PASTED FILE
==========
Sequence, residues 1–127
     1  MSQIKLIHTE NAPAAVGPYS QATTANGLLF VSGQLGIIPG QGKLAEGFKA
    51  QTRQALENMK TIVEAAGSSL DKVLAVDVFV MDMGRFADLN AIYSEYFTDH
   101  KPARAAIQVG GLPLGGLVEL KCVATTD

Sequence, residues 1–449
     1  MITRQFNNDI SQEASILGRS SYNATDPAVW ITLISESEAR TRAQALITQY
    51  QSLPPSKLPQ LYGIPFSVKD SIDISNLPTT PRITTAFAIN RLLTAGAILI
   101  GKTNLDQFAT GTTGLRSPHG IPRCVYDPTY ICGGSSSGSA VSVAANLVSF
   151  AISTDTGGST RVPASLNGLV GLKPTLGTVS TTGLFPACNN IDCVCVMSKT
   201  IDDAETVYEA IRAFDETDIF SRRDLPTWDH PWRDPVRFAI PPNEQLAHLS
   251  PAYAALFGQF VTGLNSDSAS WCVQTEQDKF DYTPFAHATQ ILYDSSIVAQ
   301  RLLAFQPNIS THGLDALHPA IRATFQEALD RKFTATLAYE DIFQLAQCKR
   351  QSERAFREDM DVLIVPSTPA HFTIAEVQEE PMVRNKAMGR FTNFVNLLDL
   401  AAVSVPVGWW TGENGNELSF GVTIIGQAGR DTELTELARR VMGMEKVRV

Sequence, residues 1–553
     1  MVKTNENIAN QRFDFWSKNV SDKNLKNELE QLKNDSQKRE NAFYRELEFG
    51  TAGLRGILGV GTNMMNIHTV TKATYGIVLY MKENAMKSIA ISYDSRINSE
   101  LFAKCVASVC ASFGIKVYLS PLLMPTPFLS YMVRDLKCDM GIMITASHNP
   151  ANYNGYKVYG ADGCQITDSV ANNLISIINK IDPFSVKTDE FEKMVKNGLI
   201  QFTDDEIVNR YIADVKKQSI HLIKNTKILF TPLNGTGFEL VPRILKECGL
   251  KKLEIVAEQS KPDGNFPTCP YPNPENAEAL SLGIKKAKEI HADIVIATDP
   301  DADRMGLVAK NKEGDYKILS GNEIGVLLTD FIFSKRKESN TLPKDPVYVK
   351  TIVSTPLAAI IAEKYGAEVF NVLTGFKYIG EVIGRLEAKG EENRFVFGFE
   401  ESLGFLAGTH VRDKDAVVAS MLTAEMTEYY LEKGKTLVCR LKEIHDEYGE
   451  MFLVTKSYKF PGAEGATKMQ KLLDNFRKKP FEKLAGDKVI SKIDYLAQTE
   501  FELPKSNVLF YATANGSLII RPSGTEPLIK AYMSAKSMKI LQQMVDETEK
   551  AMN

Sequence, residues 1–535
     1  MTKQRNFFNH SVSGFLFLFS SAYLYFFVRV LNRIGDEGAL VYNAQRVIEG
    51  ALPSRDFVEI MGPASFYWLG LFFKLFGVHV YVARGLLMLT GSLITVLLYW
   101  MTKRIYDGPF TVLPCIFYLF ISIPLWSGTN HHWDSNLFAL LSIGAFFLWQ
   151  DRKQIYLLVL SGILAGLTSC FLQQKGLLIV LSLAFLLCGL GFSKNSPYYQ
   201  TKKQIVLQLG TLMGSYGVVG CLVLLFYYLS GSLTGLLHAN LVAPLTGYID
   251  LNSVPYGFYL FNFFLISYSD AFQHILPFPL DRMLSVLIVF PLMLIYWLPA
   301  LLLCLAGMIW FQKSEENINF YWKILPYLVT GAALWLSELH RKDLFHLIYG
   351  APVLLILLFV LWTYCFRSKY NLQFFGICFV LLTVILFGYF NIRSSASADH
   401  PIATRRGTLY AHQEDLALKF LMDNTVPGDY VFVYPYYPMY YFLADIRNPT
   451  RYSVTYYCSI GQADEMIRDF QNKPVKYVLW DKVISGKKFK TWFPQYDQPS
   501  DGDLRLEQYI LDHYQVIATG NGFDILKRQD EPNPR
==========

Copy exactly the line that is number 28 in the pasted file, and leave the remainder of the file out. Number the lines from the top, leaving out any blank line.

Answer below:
Sequence, residues 1–535